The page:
How to Get Cast on ‘Gotham’

Photo Source: Jessica Miglio/Fox

“Gotham” has really come into its own since its premiere in 2014. The Bruno Heller–created origin story follows Det. James Gordon through a rundown Gotham in the years before Batman’s rise to prominence and includes a colorful array of lead, guest star, and background characters!

So far, the show’s featured performances from the likes of Ben McKenzie as Gordon, Jada Pinkett Smith as mob boss Fish Mooney, Robin Lord Taylor as Oswald Cobblepot (aka Penguin), Camren Bicondova as Selina Kyle, child actor David Mazouz as a young Bruce Wayne, and hundreds of New York City’s working actors including Tonya Pinkins, Raúl Castillo, and more just like you. Want to get in on the fun? Check out our comprehensive list of tips for getting cast on the hit drama series, as well as first steps, and what you can expect once you do!

Submit
The first step to getting cast in anything is submitting yourself for selection, and the easiest way to get on a major television series is to take a role as a background actor. For “Gotham,” Grant Wilfley Casting handles the extras and background casting on the New York–based Fox show, and is constantly seeking new actors to fill out their scenes. Make a profile on Backstage.com, upload your headshot, reel, and résumé to make submitting yourself for any position a cinch.

APPLY: BACKGROUND/EXTRA TALENT ON “GOTHAM”

Know Your Measurements
Often casting directors will want to know your measurements before they bring you in to determine whether or not you’ll fit into the costumes they already have or are able to stand in for another actor. GWC is kind enough to provide instructions on how to measure oneself on their website. For men, be ready to size up your neck, chest, waist, neck-to-waist length, sleeve length, and inseam. Women must measure bust, waist, and hips. Depending on the scene, hat size might also be required, and the casting agency has also provided a handy hat size chart, along with more specific measurement instructions on their FAQ page!

Be Professional
Should you get called in for a role, always be respectful. People’s time and resources are valuable, so be where you’re supposed to be when you’re supposed to be there. Dress appropriately and bring whatever was requested of you. (A photo ID is usually a good idea and of course any props or wardrobe needed to shoot that day’s scene.) Never leave set without letting the AD know. Don’t speak when camera is rolling (and sometimes do not between takes, either). Turn off your cell phone; aside from the obvious ringing, it can also interfere with sound equipment.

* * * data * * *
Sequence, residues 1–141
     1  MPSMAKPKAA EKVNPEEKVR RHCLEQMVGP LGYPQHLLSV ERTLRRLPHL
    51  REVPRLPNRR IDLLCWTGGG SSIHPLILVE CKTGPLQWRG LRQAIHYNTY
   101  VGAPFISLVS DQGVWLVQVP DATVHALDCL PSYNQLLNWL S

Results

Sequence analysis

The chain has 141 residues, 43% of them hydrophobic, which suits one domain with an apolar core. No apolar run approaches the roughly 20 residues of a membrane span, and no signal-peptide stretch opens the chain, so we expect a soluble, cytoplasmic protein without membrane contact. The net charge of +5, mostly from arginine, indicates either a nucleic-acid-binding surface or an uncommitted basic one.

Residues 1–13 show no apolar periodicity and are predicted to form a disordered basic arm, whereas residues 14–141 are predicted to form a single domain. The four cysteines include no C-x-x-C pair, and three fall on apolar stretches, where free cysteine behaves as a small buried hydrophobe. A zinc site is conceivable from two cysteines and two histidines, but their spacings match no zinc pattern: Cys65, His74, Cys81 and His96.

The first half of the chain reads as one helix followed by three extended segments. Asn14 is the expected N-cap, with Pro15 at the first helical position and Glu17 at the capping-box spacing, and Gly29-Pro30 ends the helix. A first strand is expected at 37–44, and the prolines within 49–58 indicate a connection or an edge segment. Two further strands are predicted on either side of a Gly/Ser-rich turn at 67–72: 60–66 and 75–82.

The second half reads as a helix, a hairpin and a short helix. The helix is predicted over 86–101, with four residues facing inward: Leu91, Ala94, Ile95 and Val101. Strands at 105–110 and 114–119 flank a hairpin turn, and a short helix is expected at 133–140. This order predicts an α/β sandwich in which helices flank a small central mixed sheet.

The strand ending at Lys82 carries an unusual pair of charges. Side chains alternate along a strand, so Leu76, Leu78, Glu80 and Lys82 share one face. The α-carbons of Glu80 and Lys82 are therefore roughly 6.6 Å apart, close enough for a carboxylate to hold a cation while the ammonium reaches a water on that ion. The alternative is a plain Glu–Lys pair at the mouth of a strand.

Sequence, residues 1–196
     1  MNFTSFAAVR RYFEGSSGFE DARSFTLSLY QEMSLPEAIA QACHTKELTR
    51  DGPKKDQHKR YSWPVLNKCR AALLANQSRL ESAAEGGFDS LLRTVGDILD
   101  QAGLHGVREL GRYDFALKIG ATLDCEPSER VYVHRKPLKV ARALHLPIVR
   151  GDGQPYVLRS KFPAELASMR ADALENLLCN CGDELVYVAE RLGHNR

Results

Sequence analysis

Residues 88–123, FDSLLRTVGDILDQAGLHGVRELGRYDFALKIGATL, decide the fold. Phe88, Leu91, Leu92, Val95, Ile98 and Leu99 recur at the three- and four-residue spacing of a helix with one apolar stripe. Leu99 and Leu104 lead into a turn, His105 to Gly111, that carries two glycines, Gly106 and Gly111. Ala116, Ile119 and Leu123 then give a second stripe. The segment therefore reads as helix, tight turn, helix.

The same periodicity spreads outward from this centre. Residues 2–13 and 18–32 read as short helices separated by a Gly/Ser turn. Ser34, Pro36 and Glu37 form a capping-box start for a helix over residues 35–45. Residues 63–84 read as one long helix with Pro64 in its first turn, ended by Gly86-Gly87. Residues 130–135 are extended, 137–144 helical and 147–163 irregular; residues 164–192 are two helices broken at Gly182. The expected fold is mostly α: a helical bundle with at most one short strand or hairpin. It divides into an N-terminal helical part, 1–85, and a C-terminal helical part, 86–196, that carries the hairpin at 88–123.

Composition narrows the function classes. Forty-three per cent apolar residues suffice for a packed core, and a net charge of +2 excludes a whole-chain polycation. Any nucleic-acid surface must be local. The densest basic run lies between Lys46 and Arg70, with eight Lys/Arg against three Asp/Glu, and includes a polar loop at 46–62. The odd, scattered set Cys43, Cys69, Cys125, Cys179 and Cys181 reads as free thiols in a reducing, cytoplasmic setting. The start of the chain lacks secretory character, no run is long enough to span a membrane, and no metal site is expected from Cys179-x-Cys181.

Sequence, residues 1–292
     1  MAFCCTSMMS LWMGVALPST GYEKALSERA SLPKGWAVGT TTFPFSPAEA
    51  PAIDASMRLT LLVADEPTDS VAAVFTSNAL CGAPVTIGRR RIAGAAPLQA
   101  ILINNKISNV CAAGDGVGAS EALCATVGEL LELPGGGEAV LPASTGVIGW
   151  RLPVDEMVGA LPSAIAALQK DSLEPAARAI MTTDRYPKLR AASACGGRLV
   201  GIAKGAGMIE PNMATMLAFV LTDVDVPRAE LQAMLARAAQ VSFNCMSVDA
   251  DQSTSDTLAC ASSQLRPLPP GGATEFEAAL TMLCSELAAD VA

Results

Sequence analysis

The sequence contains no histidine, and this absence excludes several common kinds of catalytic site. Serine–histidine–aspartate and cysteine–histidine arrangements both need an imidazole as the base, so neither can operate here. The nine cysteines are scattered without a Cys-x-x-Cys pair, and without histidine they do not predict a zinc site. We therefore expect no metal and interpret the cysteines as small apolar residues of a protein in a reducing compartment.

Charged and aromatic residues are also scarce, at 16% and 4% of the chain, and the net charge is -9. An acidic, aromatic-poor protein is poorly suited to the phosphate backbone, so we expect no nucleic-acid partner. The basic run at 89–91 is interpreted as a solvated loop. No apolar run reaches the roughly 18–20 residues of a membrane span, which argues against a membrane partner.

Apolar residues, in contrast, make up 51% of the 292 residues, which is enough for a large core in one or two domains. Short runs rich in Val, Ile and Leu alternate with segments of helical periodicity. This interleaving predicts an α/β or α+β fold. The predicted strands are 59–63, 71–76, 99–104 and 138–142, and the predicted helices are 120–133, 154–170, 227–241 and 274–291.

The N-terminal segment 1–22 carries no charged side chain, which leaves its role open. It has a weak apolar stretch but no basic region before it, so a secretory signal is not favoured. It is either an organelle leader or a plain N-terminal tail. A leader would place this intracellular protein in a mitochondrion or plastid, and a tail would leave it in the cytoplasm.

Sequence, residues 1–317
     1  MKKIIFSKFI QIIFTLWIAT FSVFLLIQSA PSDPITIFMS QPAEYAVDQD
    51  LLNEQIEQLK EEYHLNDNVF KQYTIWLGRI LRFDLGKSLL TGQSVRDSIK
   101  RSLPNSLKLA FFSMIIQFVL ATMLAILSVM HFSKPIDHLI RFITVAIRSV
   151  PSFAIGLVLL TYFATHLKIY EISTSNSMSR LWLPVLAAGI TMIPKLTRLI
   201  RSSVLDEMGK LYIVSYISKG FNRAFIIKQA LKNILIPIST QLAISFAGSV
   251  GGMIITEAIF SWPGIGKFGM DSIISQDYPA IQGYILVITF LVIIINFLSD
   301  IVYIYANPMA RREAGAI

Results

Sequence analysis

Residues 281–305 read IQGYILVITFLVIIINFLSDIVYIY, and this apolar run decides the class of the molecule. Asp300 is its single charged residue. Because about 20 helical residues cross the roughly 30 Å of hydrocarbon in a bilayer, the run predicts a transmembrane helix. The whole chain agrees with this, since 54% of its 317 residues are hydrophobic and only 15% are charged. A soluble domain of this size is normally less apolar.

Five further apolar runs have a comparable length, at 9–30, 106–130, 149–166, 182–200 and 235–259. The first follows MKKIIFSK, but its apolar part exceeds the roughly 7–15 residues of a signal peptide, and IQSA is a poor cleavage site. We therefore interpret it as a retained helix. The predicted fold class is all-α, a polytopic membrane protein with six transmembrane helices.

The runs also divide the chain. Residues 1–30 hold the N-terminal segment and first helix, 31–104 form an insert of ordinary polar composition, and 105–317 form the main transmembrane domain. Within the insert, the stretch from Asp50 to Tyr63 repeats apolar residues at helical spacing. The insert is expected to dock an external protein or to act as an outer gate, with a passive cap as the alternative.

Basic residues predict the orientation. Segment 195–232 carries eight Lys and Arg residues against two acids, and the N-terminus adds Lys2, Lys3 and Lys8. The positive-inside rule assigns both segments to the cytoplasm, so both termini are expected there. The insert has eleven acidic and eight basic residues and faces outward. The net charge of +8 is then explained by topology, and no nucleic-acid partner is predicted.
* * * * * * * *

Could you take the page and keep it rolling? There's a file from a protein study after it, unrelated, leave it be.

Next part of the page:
READ: “Robin Lord Taylor on ‘Gotham’ and How to Win the Audition Room”

Follow Instructions
GWC will give you very specific instructions on what to wear the day of the shoot; follow those instructions to a tee. If you’re playing a nightclub patron, don’t come dressed like you’re spending the day in the park. If they don’t provide wardrobe and you’re not willing to go shopping for what’s needed, be honest with casting directors about what you do and don’t have in your closet. According to the casting agency, one should generally avoid clashing or busy patterns, bright colors, logos, and wrinkled clothing.

Be Patient
Much of working as a background actor on any set involves waiting—waiting for the cameras to be set up; waiting for the lighting team to get ready; waiting for the talent to finish makeup—so bring something to do in the meantime. Whether it’s a script for your next gig, a book, or your Twitter feed, be prepared to keep yourself occupied during the down time, and expect there to be a lot of it.

Don’t Break the Rules
Speaking of social media: Taking pictures in general is an on-set faux pas. Some shows will allow you to take pictures of the set itself but putting them online is grounds for blacklisting. If you want to be considered for future projects, don’t do it. General rule of thumb says avoid taking pictures of the talent.

Make Connections
Networking shouldn’t be your primary concern on set but if the opportunity presents itself, it doesn’t hurt to try and get to know the AD, PA, or director for that episode. They generally have access to other shows and might be able to call on you later!

Have Fun
From the costumes to the storylines to the settings, “Gotham” stars New York City as one of its main characters and you get to be part of the fun! Keep checking Backstage’s casting notices for more opportunities to get on this show and others!

Ready to get to work? Check out our television audition listings! And for more on-set tips, check out the video below!